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Fundamental Analysis: Indicators and Use in Forex Trading

Most retail traders today, especially in Forex, use technical analysis without always considering the market ‘fundamentals’ to analyze potential trading opportunities.

This is ironic because fundamentals give most markets their underlying value and, ultimately, are critical in driving their moves. Understanding how to pay attention to fundamentals can provide traders with a stronger foundation when looking at the markets and understanding why they behave in a certain way.

This article concerns Forex's fundamental indicators and how they should impact trade decision-making.

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    What is Fundamental Analysis? 

    Market analysis is broadly divided into two key categories: fundamental versus technical analysis. These are two quite different ways of looking at the markets, and each analytical method offers its perspective on predicting future market direction.

    Fundamental analysis examines an asset's worth based on its underlying value. That may be different from its current market price.

    Fundamental analysis is independent of price moves. A Forex pair may increase or decrease in price, but the price move does not alter the basic analysis of where the price “should” be based on its fundamental factors.

    Important Factors in Fundamental Analysis 

    Gross Domestic Product (GDP)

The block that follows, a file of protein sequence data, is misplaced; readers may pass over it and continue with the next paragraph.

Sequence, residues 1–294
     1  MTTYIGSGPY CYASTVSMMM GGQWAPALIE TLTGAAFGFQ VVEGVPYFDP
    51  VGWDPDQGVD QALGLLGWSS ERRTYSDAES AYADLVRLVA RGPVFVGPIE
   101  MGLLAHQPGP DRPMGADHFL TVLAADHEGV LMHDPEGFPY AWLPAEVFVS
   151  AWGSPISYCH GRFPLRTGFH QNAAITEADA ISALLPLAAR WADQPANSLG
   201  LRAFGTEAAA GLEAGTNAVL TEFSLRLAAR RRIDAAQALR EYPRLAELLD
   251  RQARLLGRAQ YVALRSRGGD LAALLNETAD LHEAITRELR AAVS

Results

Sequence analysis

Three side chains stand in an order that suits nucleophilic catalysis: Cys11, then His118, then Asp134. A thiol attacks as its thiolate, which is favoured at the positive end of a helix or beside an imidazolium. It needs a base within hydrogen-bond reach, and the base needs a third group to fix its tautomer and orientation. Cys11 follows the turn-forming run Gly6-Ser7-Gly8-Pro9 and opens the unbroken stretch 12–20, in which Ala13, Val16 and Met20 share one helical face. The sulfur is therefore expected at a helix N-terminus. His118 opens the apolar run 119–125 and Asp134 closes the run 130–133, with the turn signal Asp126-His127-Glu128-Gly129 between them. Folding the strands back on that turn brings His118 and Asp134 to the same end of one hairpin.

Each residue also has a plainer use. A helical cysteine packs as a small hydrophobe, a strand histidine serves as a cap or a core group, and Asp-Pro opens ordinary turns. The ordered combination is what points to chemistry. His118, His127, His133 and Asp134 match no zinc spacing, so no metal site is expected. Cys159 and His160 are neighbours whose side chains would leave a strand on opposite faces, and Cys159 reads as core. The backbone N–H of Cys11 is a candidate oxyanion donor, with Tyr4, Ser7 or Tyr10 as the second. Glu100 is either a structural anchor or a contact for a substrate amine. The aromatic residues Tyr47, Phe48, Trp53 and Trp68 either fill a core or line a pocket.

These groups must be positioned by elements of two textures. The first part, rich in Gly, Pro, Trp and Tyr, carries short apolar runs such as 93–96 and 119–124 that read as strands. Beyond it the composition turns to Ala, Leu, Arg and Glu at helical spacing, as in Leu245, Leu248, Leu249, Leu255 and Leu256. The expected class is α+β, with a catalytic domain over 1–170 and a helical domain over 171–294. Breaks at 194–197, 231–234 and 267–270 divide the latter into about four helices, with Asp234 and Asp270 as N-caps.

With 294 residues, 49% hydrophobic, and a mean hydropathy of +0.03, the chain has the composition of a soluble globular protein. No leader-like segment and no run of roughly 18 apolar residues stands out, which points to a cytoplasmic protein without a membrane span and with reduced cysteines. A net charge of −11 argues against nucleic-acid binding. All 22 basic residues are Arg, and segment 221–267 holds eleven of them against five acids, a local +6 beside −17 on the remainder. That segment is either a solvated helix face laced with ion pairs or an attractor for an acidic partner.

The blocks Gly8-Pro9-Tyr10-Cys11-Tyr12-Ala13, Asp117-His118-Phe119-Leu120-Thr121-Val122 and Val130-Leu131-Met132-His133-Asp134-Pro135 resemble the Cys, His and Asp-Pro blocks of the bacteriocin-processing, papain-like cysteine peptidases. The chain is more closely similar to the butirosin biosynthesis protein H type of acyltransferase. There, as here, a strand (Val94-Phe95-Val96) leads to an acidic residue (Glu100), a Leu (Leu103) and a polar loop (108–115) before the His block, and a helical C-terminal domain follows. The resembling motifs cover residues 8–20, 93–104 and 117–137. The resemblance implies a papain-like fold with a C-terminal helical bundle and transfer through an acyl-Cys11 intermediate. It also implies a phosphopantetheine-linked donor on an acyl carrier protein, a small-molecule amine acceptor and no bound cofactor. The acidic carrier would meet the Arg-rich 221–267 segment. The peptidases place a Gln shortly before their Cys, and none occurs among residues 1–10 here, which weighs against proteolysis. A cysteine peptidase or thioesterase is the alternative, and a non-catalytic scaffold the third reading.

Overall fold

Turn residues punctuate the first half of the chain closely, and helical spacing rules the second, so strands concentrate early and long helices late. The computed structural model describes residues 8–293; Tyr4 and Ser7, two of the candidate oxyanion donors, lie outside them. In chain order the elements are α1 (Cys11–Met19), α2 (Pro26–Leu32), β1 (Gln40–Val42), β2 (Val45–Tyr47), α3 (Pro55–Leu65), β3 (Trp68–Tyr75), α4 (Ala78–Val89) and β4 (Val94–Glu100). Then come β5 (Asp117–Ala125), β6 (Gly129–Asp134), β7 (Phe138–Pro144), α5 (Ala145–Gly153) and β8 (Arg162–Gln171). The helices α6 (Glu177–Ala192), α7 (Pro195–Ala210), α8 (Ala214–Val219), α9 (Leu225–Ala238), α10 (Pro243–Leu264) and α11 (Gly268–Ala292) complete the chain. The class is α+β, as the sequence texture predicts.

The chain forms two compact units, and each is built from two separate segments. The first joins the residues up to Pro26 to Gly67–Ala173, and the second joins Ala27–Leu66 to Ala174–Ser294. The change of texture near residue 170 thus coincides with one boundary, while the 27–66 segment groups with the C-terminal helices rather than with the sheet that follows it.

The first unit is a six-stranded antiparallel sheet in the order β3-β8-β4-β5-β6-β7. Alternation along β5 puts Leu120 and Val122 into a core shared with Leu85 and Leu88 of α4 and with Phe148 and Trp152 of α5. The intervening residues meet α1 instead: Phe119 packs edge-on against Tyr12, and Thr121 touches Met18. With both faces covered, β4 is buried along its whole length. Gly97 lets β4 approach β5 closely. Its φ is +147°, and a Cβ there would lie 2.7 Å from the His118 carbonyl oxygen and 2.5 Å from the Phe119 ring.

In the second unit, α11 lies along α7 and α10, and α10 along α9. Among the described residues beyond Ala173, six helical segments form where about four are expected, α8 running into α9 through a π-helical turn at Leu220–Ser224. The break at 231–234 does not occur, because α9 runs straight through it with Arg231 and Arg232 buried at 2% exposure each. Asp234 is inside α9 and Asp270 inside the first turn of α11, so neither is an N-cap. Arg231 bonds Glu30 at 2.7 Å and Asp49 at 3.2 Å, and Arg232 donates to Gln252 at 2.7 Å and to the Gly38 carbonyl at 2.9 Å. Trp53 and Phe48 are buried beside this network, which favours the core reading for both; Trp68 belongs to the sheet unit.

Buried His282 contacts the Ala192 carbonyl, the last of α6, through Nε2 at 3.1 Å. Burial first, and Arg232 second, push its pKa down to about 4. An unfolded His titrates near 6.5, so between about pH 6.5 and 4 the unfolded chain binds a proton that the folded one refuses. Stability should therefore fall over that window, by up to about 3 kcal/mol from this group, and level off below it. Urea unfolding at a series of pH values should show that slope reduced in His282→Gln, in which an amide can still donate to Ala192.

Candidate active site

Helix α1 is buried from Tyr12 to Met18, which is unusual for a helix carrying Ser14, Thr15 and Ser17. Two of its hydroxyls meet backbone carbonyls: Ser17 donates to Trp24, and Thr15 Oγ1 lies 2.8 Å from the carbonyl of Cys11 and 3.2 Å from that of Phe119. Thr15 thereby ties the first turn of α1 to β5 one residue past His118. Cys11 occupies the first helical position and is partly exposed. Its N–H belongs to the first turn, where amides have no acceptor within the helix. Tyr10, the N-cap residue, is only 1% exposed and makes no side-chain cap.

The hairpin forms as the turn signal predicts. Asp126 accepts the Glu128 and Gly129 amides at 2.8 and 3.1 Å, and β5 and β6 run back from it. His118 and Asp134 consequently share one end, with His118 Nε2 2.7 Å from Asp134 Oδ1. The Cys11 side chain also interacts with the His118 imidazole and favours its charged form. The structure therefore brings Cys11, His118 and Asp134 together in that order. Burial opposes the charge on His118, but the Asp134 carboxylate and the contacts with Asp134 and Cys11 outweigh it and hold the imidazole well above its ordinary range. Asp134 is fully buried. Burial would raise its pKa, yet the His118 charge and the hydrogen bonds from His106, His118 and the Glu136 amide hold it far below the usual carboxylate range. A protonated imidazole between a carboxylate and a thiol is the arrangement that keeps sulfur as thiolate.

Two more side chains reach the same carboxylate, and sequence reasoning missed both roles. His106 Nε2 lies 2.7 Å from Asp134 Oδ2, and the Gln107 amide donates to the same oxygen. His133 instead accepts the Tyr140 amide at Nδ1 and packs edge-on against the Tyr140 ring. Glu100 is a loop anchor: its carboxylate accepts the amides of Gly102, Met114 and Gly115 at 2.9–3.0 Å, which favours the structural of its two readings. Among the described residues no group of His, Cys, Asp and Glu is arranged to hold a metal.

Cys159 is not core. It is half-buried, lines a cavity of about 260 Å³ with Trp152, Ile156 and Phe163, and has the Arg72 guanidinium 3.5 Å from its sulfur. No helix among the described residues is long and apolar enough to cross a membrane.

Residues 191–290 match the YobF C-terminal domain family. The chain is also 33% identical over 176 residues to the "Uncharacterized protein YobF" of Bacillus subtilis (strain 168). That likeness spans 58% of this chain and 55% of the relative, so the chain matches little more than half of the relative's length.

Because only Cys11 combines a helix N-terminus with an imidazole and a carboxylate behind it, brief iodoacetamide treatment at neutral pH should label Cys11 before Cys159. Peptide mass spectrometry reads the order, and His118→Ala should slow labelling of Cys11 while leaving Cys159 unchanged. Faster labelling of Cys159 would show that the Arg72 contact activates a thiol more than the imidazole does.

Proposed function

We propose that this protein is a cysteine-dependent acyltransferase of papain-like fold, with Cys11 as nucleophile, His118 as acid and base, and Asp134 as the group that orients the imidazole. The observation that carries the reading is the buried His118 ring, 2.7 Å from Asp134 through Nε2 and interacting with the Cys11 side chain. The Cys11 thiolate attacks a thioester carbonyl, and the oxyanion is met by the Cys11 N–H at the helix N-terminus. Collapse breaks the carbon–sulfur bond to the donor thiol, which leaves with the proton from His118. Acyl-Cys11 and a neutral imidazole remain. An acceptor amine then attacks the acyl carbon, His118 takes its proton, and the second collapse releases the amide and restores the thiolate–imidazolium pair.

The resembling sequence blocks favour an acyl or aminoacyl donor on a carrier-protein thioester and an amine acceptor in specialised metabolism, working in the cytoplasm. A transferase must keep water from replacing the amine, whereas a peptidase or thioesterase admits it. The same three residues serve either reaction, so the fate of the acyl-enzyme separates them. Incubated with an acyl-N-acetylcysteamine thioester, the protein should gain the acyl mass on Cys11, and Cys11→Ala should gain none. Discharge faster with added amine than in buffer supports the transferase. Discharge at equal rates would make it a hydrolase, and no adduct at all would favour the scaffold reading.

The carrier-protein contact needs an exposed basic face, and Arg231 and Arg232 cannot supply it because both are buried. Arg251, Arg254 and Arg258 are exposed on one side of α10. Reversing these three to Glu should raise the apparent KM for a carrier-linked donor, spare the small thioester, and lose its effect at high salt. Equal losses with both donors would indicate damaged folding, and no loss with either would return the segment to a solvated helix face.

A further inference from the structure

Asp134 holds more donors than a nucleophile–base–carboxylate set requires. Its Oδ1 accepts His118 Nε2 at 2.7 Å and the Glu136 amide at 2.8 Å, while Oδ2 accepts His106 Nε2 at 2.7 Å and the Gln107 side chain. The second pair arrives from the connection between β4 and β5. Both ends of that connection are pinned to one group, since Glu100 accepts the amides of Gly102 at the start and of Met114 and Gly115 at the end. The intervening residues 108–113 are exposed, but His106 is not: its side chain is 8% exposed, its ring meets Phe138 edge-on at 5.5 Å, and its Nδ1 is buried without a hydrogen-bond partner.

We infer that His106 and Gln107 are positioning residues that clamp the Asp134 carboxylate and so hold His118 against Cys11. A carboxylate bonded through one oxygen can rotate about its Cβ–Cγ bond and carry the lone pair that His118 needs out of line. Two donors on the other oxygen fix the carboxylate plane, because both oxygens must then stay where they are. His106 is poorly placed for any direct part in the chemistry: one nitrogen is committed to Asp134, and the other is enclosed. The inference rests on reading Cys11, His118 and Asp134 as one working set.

What is the GDP? The value of all goods and services produced within a given period (usually a quarter or a year) is an often-used measure of a country's overall economic performance, and how it changes over time can indicate growth or decline.  If a country's financial health can be distilled into a single metric, it would be its GDP readings that most would consider the key statistic.

    Most countries release their GDP data at regular intervals throughout the year. For example, the U.S. Bureau of Economic Analysis (BEA) estimates the nation's GDP quarterly and annually and releases new GDP statistics monthly.

    Higher GDP and growth in the quarterly reporting mean a stronger economy, which should translate into a stronger currency.

    Employment data

    Employment data is highly correlated with gross domestic product—the relationship between unemployment and GDP is known as Okun's law, named after the economist Arthur Okun. This high correlation makes employment data a key fundamental Forex indicator.

    Higher employment rates mean a stronger economy, which should translate to a stronger currency.